This year I am serving as the family teams chairperson for the Connecticut March of Dimes. In addition to helping new and experienced family teams with their team development and fundraising, we have been also focusing on the heart of the mission. As a group we have found healing and gratification in giving back, mentoring and inspiring those that are the beginning of their journeys. Our latest project is a video that comprises dozens of parents sharing the advice that they would give themselves on the first day of their journey. Naturally I quickly thought of a few inspirational words, wrote them on paper and took a photo. Those words are exactly what I would tell myself on the first day of our NICU journey and are a great contribution to the video, but what I realized is that our journey started weeks before our NICU journey.
A pregnancy gone wrong journey. A journey that lead to our NICU journey. It started on September 21st 2011 at my 20 week OB appointment. The greatest amount of guilt that I still hold is within the 32 days between that appointment and the birth of my beautiful little Virginia. Pregnancy joy and dreams were replaced with complete fear in those days.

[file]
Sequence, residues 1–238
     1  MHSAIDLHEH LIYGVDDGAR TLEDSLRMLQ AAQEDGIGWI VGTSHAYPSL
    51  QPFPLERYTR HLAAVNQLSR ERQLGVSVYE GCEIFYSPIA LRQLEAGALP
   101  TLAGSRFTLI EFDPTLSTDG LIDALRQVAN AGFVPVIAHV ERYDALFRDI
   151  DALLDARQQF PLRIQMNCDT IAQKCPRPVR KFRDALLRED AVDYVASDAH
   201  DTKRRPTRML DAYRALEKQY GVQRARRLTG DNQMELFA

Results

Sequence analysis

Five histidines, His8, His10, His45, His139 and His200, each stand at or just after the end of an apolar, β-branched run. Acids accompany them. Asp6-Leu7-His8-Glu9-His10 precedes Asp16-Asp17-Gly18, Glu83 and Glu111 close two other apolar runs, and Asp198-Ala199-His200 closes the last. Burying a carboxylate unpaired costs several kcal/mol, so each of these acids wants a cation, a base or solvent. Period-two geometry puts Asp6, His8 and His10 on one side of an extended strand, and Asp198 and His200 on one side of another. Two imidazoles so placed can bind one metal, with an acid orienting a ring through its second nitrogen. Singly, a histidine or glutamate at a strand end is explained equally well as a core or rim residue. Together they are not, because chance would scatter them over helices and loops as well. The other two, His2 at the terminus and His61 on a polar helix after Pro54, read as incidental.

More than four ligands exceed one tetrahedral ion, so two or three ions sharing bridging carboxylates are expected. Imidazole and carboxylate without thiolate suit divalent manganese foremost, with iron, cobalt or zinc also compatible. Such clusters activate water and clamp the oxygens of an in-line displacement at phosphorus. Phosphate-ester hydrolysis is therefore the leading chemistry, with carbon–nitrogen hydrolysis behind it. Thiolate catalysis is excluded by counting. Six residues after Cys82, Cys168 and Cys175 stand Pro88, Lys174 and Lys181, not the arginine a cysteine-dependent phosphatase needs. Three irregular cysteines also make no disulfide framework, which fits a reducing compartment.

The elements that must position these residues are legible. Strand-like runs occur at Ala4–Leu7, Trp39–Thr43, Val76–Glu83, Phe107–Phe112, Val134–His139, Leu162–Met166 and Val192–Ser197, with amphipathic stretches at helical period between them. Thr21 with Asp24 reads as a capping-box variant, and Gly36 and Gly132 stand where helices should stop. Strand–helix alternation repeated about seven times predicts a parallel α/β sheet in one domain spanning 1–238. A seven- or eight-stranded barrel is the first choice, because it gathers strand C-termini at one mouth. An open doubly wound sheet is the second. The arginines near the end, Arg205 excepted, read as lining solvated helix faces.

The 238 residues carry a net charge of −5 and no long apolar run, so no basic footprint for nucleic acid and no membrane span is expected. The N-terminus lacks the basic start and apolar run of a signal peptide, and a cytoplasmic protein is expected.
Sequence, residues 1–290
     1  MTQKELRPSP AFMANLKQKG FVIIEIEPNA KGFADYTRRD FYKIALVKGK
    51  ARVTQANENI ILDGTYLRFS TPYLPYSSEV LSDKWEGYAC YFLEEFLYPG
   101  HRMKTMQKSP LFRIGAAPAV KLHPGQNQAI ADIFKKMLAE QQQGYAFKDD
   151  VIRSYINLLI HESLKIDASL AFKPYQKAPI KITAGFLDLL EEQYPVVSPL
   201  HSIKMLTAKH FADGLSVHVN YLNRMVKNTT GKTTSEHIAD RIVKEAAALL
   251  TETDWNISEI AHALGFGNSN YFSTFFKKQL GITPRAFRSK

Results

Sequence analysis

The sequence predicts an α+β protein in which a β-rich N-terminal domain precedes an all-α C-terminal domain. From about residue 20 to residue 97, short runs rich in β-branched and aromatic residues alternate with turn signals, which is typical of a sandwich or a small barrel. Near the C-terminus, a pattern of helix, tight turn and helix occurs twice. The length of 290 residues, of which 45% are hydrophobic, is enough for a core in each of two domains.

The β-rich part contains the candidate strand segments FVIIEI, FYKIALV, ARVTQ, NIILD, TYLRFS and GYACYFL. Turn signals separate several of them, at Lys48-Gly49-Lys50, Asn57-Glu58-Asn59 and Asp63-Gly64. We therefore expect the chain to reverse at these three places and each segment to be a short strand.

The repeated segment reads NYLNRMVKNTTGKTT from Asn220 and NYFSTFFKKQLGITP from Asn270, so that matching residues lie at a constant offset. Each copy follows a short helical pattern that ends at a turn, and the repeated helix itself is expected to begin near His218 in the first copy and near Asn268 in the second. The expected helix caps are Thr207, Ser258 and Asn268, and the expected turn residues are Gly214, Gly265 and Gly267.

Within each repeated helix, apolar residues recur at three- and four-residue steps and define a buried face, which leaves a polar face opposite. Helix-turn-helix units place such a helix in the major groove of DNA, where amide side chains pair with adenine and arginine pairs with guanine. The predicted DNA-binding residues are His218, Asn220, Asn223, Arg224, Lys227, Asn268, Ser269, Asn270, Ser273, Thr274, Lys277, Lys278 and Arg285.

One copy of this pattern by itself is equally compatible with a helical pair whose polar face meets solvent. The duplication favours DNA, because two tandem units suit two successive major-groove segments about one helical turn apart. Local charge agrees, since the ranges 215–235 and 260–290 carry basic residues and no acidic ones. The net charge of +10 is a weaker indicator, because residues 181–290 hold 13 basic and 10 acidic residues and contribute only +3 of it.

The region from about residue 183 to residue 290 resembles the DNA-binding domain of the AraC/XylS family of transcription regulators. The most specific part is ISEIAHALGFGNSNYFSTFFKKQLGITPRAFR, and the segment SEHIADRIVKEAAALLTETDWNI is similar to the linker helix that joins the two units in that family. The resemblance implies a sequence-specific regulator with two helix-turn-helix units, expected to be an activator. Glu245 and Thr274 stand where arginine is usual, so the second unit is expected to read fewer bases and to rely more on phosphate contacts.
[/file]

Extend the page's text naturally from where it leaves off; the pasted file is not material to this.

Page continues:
I can easily recall the details of those 32 days.
The braxton hicks contractions that I mistakenly thought was the baby rolling while at the gym doing my regular workout.
The nervous shakes and sweaty palms that I got when the ultrasound tech went to get the doctor after checking my cervix.
The utter devastation and panic that I felt while laying on the floor (naturally, rather than sitting in the chair) of the admitting office while waiting for my hospital room at 21.5 weeks pregnant. I feared the baby would would be delivered right there on that blue carpet .
The convulsions of fear that took over my body as I watched the flurry of activity surround me late in the night at the cusp of 24 weeks when they moved me down to labor and delivery for "immanent" delivery.
It is all so clear to me but blurry at the same time but 28 months later I am telling myself:
"trust your gut" because doctors and statistics are not always right.
"fight for what you believe in" because I still regret not pushing harder for someone to attempt a cerclage. The what-ifs are hard to get over.
"stop googling" because nothing that you find on the internet will bring you the peace and hope that you can only find in your heart.
"It's not your fault" because its not. Its your body's fault but not your fault. 28 months later and I am still coming to terms with the difference.